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San Francisco Bay Area Sushi Palo Alto

Jin Sho -- new top-tier sushi in Palo Alto


Restaurants & Bars San Francisco Bay Area Sushi Palo Alto

Jin Sho -- new top-tier sushi in Palo Alto

Sushi Monster | | Dec 13, 2007 02:21 PM

Jin Sho
454 California Ave.
Palo Alto
(650) 321-3454

Finally, a new face in the top tier of Peninsula sushi. Two new faces actually. If you haven't heard of Ichiro Takahashi and Noriomi Kaneko, both late of Nobu's mother ship in New York City, chances are you will soon. Their new venture (opened in December of 2007) has tremendous promise.

Although the 90 percent of the customers ordering spicy tuna and dragon rolls would never notice, both itamae have the superlative knife and presentation skills to immediately place them in the top tier among their much older peers. Fish quality is tops as well. There are some front-of-the-bar service issues that Sushi Monster hopes will get smoothed out as the service team comes together. At my first lunch, the servers and kitchen help were all absolutely green, and it showed.

As is true Nobu-style, the sushi tsu will find correct Edomae kata (form) on the nigiri, with some very Western twists. The kanpachi, garnished with a razor-thin slice of Jalapeno (a trick I believe Kaneko-san borrowed from the Naomi crew in Menlo Park) was simply the finest, most buttery and delectible example of the species I've ever sampled. The hotate, garnished with a tiny dab of yuzu and coarse salt, was another home run. Sweet engawa (one piece served no tataki and the other raw) and hamachi sunazuri (the richer belly cut) were also standouts in a lineup that had no weak spots.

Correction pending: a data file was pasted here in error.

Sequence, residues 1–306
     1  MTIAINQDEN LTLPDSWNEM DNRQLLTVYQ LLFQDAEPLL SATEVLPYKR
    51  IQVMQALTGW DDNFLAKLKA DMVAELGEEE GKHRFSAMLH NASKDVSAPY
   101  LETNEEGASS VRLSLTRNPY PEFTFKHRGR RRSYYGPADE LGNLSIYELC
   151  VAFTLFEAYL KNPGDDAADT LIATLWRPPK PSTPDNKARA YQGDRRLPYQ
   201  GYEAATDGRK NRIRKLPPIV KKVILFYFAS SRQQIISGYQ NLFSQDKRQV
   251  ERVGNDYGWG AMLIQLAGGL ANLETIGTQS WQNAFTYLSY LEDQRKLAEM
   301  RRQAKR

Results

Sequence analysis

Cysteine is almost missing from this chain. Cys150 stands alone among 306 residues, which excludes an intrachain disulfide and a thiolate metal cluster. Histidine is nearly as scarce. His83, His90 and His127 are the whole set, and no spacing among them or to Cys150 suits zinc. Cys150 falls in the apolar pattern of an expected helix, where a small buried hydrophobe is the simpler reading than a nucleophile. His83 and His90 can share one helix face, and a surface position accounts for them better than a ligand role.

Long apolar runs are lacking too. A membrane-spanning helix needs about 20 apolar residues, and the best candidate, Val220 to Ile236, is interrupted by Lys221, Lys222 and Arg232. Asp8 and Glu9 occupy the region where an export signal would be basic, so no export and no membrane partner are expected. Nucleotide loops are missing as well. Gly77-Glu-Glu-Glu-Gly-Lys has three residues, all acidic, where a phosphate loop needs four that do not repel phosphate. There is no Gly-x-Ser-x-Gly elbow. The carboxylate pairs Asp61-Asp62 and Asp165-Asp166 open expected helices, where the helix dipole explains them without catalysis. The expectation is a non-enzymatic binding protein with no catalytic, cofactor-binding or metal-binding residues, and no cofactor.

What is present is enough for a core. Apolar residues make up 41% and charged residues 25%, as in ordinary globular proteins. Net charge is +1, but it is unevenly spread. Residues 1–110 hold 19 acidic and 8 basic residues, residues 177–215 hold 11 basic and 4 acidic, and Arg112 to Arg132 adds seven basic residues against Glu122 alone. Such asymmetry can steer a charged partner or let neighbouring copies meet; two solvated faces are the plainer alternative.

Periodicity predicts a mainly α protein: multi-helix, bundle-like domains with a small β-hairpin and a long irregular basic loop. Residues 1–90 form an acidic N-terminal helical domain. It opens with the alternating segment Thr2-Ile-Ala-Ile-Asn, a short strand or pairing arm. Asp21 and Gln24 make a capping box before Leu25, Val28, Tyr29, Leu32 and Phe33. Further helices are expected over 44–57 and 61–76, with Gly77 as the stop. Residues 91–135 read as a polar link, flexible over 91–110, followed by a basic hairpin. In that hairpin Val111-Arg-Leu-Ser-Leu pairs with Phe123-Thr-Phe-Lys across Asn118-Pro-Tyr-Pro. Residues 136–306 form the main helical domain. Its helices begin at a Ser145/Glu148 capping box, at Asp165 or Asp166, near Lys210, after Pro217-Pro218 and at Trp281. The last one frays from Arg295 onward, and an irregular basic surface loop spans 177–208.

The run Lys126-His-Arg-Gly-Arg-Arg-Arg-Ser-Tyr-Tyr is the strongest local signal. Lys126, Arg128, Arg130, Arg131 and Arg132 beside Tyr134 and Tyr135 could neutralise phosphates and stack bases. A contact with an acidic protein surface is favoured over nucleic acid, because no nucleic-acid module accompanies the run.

Tane selection is good – but not on the level of Sakae in Burlingame or Sam's in San Mateo. There are a half-dozen other top-tier Peninsula competitors offering a deeper list on a regular basis.

The only notable downside to Jin Sho: Value. Seems like it was just yesterday that Sam's and Yuzu blew through the $8.50-per-nigiri-pair mark. Lunch at Jin Sho ran me a cool $85.45 (including my customary 20 percent tip), and penciled out to a rather staggering $9.50 per nigiri plate). Perhaps these Easterners need to consult a map and figure out they're not in West L.A.

For the upcoming v. 4.0 of the Big List -- -- I'm slotting them at No. 8 -- just below Tomi in Mountain View and just above Higuma in Redwood City. There's certainly room for them to move up, if they get their service team trained properly and add more special tane.

Sushi Monster

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